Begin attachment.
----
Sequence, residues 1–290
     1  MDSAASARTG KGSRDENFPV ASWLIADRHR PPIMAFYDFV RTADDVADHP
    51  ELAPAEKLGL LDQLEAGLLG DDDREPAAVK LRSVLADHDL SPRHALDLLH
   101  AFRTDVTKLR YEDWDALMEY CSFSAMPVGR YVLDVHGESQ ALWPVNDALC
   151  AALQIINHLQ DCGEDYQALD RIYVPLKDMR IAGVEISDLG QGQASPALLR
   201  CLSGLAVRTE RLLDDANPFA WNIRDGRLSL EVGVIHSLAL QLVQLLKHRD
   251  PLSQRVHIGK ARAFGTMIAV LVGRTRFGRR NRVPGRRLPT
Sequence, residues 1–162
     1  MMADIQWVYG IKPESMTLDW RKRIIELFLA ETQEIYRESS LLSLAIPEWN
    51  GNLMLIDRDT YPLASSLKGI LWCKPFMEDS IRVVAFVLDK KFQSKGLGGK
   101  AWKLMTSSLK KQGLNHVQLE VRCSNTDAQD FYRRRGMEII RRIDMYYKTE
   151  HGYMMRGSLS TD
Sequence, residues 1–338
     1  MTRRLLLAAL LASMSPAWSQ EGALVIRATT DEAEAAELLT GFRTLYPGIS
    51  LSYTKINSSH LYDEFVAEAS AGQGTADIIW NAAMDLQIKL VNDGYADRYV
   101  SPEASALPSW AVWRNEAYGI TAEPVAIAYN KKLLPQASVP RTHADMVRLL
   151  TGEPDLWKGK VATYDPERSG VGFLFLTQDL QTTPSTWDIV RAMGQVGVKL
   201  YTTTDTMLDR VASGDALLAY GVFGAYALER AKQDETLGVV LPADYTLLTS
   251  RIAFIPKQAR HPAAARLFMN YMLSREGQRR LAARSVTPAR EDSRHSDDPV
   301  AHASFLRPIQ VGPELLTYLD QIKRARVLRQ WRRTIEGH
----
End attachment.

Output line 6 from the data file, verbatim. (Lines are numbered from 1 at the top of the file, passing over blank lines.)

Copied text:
   201  CLSGLAVRTE RLLDDANPFA WNIRDGRLSL EVGVIHSLAL QLVQLLKHRD